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The effect of bacterial flagellin on virus infection

Benedikz, Elizabeth Kristin (2017)
Ph.D. thesis, University of Birmingham.

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Abstract

Coinfection with bacteria and viruses is an understudied area of microbiology, despite its potential to modulate pathogen abundance and host survival. We investigated the effect of bacteria on virus infection and developed an \(in\) \(vitro\) system to study the first step: viral internalization. Our studies show that multiple bacterial species promote the entry of a diverse panel of viruses into lung and gut epithelial cells. Bacteria expressing the toll-like receptor (TLR)5 agonist, flagellin, are most efficient at inducing viral uptake and studies using recombinant flagellin or aflagellate bacterial strains confirm that flagellin has pro-viral activity. Flagellin promotes epithelial cells to support virus entry via TLR5-dependent activation of NF-KB. To extend these observations and study the role of flagellin in the complete viral replicative lifecycle, we studied human immunodeficiency virus (HIV)-1 replication in T cells. Flagellin augments HIV-1 entry and promoter activity and increases the production of extracellular virus. The data presented in this thesis highlight a new role for bacterial flagellin to promote diverse virus infection of epithelial barriers and enhance the spread of HIV-1. This has significant implications for understanding how exposure to multiple pathogens can alter susceptibility to infection and its associated pathogenesis.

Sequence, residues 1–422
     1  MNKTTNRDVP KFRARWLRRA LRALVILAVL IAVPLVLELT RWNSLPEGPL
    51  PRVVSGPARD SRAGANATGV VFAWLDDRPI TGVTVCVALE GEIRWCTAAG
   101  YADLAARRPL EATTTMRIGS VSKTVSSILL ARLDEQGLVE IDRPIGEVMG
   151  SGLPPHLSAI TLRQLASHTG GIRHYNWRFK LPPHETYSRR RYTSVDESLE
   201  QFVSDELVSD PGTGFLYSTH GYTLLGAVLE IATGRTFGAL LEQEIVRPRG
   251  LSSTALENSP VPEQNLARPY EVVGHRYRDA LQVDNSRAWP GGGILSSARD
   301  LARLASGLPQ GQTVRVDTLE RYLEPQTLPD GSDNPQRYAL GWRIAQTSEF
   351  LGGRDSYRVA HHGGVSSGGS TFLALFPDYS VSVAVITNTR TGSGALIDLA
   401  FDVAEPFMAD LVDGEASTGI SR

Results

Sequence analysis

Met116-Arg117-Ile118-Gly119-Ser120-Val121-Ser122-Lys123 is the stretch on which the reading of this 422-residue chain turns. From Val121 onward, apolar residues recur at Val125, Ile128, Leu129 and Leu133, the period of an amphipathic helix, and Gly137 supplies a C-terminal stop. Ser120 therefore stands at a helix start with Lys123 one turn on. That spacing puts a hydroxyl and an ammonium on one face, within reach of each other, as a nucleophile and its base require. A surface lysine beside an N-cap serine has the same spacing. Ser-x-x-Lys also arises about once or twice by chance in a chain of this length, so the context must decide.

Type of Work:Ph.D. thesis.
Supervisor(s):McKeating, Jane A. and Cunningham, Adam
School/Faculty:Colleges (2008 onwards) > College of Medical & Dental Sciences
Department:Institute of Immunology and Immunotherapy
Subjects:QR Microbiology
QR180 Immunology
QR355 Virology
Institution:University of Birmingham
ID Code:7327
This unpublished thesis/dissertation is copyright of the author and/or third parties. The intellectual property rights of the author or third parties in respect of this work are as defined by The Copyright Designs and Patents Act 1988 or as modified by any successor legislation. Any use made of information contained in this thesis/dissertation must be in accordance with that legislation and must be properly acknowledged. Further distribution or reproduction in any format is prohibited without the permission of the copyright holder.
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